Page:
There are very few books that conjure up big, wide, grinning smiles from 7 year olds and 70 year olds like The Secret Garden. The idea of a locked away garden being found and brought back to life is a story about loss and fear turned on its head by hope and magic.
Frances was most well-known during her lifetime for her two other best-selling books Little Lord Fauntleroy and A Little Princess, but wrote more than 60 books, 1000 short stories and 15 plays, and mostly for an adult audience. And many would be surprised to know that The Secret Garden, was not very popular when it was first published towards the end of her career in 1911. As a matter of fact, it wasn’t even mentioned in her obituary in 1924 in The Times.
But today, The Secret Garden tops the list of favorite classic children’s books by readers around the world. And in 2012 it was ranked number 15 among all-time children's novels in a survey published by School Library Journal.
Everywhere Frances lived, she surrounded herself with gardens, and spent hours pouring over seed catalogs planning for spring. And if you stayed at her home, you were expected to pick up a spade and help, whether you were the president or a pauper.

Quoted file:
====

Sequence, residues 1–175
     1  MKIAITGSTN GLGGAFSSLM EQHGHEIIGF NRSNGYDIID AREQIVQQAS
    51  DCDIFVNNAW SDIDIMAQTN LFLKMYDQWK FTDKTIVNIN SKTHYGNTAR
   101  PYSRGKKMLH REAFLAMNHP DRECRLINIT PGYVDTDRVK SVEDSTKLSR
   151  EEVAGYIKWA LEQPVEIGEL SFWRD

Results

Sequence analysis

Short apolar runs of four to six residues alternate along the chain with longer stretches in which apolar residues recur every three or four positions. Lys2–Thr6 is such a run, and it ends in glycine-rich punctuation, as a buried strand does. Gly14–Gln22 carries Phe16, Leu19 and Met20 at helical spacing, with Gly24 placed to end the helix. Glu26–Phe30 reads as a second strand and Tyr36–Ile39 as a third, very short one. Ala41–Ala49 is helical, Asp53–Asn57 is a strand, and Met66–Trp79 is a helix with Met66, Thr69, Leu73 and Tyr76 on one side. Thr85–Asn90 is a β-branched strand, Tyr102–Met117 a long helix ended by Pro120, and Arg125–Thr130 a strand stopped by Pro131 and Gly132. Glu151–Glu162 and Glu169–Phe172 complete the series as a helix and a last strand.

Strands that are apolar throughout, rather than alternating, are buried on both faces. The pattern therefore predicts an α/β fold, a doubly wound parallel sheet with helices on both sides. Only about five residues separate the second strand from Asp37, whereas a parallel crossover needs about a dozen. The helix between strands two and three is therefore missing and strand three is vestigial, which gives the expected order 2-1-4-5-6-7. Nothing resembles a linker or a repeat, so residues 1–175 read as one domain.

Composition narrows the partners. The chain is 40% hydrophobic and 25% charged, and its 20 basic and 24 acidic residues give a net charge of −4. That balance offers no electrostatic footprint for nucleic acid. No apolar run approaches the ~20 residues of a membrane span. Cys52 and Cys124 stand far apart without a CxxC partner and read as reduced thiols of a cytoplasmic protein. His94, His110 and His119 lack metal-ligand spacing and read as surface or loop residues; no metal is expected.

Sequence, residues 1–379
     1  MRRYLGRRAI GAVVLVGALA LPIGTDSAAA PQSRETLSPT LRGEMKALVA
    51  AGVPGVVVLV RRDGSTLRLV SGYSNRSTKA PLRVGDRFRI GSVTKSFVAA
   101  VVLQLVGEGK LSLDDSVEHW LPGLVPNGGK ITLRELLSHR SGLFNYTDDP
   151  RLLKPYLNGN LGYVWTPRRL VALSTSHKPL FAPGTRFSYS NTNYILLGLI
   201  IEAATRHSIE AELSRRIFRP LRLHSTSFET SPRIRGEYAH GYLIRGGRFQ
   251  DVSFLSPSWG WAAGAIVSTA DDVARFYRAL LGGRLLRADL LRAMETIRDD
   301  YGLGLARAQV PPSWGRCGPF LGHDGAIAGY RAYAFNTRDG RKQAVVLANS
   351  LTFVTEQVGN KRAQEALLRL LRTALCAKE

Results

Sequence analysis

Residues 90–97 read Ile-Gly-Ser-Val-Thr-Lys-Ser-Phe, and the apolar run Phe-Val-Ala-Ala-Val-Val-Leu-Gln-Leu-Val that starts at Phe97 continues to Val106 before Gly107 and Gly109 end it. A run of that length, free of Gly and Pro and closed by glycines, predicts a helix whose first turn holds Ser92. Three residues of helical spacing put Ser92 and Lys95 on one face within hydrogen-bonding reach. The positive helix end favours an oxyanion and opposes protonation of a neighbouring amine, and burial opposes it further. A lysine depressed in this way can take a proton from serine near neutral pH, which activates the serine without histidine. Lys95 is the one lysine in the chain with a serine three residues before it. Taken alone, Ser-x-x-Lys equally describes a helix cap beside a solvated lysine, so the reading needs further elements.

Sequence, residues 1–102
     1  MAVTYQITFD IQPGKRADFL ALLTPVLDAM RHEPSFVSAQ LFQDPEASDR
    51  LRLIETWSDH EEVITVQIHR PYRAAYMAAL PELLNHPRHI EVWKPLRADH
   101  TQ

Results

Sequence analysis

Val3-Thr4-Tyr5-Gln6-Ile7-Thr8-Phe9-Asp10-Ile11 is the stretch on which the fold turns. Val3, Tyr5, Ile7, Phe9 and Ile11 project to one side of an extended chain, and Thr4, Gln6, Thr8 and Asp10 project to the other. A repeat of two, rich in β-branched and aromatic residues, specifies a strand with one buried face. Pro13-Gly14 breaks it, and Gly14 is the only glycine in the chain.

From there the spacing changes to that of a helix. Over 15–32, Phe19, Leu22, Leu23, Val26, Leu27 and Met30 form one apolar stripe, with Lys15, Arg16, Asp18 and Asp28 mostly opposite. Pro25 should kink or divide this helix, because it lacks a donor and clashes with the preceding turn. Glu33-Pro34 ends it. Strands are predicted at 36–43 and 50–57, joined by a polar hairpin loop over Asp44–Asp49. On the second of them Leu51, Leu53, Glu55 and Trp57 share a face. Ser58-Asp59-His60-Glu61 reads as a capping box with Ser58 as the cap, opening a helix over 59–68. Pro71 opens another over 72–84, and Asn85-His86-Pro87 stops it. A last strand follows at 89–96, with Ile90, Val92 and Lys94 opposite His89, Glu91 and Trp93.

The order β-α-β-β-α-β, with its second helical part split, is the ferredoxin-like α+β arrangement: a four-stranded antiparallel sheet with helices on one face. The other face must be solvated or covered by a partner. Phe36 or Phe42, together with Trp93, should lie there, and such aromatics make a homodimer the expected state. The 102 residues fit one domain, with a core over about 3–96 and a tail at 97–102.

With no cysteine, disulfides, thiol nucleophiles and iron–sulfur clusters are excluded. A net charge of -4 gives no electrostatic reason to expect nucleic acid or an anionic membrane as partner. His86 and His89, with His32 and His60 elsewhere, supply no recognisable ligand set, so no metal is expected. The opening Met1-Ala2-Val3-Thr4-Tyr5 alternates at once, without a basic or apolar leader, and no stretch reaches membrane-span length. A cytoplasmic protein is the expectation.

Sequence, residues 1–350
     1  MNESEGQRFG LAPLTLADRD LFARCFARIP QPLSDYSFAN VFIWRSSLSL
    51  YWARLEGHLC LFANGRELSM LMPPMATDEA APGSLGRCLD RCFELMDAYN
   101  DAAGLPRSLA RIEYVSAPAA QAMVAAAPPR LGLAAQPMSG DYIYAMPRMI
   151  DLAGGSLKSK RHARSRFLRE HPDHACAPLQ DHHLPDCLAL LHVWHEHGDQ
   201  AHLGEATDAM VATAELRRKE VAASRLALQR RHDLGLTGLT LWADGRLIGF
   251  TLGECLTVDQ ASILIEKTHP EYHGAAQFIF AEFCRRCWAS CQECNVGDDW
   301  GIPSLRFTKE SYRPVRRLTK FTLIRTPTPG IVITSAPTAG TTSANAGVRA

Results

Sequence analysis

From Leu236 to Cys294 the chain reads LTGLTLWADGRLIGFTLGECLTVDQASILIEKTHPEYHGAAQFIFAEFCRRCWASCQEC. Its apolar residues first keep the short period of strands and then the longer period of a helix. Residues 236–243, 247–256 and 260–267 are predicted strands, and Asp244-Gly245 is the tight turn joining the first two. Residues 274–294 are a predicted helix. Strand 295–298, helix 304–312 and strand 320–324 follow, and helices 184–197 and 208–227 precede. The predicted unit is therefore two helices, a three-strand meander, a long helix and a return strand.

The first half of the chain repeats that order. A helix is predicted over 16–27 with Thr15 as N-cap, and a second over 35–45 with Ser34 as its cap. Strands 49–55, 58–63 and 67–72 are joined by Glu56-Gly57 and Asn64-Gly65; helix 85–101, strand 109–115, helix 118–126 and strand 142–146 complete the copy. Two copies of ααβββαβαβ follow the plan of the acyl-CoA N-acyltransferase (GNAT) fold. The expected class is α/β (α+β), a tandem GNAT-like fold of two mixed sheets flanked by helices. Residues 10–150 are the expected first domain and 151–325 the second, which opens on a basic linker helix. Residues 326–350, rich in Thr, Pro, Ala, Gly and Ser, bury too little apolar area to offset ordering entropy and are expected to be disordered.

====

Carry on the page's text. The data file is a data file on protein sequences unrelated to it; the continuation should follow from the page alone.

Frances was born in Manchester England in 1849, the third of 5 children. Her father died just three short years later and while her mother did her best to keep the family business afloat, her younger years were a series of moves to accommodate the decreasing business earnings.
Despite their struggles, Frances imagination turned a clump of weeds into lush gardens from a very young age.
“You are roses! You are violets and lilies-and hyacinths and daffodils and snowdrops! You are!” Frances would say to the weeds.
The family moved to America when she was 16, and at 18, with little more than a middle school education, Frances began her role as author and breadwinner of the family.
Her life was one of the best stories ever written. There’s money, drama, adventure, intrigue, fashion, famous friends, lawsuits, generosity, exotic locations, death, beauty, divorce, successes, failures…and of course a bit of earth. All of this fueled one of the most prolific writers of her time and made her a newsstand celebrity hounded by the press.